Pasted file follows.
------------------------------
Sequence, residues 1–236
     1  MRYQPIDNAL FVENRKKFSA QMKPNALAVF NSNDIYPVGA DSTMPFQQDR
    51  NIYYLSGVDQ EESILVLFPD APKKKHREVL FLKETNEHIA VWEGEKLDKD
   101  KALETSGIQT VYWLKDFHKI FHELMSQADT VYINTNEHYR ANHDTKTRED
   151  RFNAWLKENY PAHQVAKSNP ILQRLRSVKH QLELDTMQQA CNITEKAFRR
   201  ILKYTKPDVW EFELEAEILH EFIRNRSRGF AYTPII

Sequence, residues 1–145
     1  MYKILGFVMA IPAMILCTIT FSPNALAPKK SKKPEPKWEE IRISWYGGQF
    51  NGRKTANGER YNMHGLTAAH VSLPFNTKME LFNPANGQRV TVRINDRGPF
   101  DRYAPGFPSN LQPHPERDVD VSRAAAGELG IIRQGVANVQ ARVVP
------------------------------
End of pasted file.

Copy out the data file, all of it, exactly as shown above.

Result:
Sequence, residues 1–236
     1  MRYQPIDNAL FVENRKKFSA QMKPNALAVF NSNDIYPVGA DSTMPFQQDR
    51  NIYYLSGVDQ EESILVLFPD APKKKHREVL FLKETNEHIA VWEGEKLDKD
   101  KALETSGIQT VYWLKDFHKI FHELMSQADT VYINTNEHYR ANHDTKTRED
   151  RFNAWLKENY PAHQVAKSNP ILQRLRSVKH QLELDTMQQA CNITEKAFRR
   201  ILKYTKPDVW EFELEAEILH EFIRNRSRGF AYTPII

Sequence, residues 1–145
     1  MYKILGFVMA IPAMILCTIT FSPNALAPKK SKKPEPKWEE IRISWYGGQF
    51  NGRKTANGER YNMHGLTAAH VSLPFNTKME LFNPANGQRV TVRINDRGPF
   101  DRYAPGFPSN LQPHPERDVD VSRAAAGELG IIRQGVANVQ ARVVP